Mauritania Table of Contents
Mounted color guard
SINCE GAINING INDEPENDENCE in 1960, Mauritania has faced a number of serious external and internal threats. Until 1969 the majority of Arab states refused to recognize Mauritania's sovereignty and supported Morocco's irredentist claims to the entire nation. Only in 1969 did Morocco extend official recognition to the Nouakchott government. Although the two countries signed a treaty of friendship the following year, Mauritanian leaders have treated their stronger neighbor to the north with caution, relying heavily on French protection. The dispute over sovereignty of the Spanish Sahara in the early 1970s raised further security problems. Negotiations among Morocco, Algeria, Mauritania, and Spain failed to resolve the issue, and in 1976 war erupted in the area known as the Western Sahara. As that conflict dragged on, Mauritania's economy faltered and antigovernment opposition groups emerged, threatening the stability of the military regime that replaced Moktar Ould Daddah's civilian government in July 1978. Subsequently, internal coups and innumerable cabinet shuffles plagued the government from 1978 through 1984 when the regime of Colonel Maaouiya Ould Sid Ahmed Ould Taya came to power.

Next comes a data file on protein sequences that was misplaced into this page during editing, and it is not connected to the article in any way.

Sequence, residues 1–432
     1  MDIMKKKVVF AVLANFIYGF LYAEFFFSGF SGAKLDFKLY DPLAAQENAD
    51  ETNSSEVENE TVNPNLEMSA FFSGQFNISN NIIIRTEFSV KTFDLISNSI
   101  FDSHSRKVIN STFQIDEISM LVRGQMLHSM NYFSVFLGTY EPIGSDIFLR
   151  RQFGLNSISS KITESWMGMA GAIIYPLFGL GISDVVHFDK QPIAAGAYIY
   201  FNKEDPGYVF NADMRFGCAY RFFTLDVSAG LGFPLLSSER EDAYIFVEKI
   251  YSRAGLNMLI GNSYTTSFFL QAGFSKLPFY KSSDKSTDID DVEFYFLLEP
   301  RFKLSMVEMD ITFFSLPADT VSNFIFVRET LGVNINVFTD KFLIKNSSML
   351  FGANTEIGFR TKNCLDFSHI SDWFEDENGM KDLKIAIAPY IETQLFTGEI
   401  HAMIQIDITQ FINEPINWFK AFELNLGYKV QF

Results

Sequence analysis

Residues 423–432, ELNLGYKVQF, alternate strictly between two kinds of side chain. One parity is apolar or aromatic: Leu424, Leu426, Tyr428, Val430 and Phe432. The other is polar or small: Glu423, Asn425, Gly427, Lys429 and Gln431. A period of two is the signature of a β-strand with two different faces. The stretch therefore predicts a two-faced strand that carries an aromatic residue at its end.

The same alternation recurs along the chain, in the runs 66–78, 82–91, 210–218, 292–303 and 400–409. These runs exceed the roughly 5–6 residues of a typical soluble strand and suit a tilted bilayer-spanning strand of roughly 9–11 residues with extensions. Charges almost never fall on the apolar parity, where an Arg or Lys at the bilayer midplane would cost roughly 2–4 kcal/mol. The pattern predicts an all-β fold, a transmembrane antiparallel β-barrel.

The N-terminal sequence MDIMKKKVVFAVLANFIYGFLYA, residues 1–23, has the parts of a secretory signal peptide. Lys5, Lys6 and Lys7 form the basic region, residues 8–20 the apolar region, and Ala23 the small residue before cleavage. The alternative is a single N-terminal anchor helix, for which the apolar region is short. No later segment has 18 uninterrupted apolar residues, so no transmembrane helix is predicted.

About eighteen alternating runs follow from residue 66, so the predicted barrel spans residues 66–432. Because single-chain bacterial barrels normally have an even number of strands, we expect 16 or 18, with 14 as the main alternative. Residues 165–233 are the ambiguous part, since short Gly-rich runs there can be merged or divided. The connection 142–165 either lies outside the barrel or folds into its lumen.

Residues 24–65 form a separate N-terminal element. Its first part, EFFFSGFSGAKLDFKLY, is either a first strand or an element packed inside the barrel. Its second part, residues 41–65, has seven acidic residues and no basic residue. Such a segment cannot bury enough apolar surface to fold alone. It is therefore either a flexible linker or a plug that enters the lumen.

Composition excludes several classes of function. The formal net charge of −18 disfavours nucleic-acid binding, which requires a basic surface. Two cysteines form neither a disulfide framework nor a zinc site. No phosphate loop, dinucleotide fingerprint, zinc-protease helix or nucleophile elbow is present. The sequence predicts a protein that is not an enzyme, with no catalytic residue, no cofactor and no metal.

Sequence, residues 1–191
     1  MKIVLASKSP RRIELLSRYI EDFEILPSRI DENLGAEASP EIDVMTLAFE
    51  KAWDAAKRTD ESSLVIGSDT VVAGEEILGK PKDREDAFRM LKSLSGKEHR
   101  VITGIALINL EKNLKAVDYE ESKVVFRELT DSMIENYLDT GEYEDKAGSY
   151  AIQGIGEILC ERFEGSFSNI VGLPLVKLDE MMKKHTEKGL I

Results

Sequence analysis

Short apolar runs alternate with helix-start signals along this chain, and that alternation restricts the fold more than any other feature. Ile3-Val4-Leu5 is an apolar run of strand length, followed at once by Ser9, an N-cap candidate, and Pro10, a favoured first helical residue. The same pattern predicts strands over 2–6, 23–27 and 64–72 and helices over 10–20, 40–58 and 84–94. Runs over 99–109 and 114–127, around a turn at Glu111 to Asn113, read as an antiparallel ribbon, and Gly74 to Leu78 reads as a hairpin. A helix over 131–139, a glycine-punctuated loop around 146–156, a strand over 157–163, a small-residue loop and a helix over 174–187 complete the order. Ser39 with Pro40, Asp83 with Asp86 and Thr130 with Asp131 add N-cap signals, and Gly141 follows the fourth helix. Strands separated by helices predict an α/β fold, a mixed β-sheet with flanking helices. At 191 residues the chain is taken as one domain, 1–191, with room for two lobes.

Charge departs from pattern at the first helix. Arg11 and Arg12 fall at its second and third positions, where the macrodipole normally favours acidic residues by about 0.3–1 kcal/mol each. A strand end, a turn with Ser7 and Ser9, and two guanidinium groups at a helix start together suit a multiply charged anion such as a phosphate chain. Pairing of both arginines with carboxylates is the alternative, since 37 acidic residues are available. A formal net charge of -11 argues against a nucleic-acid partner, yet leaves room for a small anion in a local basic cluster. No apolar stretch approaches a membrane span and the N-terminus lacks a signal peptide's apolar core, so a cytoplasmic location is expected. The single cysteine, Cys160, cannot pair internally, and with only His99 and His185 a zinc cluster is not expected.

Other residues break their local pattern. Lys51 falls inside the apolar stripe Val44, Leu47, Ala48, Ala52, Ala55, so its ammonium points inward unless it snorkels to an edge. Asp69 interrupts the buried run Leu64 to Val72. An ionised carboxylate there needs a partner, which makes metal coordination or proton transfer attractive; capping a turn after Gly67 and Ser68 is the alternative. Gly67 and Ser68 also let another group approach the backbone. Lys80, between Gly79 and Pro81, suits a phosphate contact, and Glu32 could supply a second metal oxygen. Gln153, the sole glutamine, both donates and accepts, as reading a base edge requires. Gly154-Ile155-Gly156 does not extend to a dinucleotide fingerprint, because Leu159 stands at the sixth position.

In 1987 government security forces, consisting of military, paramilitary, and police units, were small and equipped only for maintaining internal security. Military forces under the Ministry of Defense included an army, navy, air force, and three paramilitary units: the Nomad Security Guard (or Camel Corps) under the jurisdiction of the army, the small Border Guard, and the National Gendarmerie. The Ministry of Interior, Telecommunications, and Information controlled the police and the National Guard, the Customs Corps, and the Presidential Guard. Mauritania's various heads of state in turn reorganized the security forces and shuffled personnel to facilitate troop deployment and to prevent any one individual or group from acquiring too much power. As a result, force readiness and strength suffered.
Data as of June 1988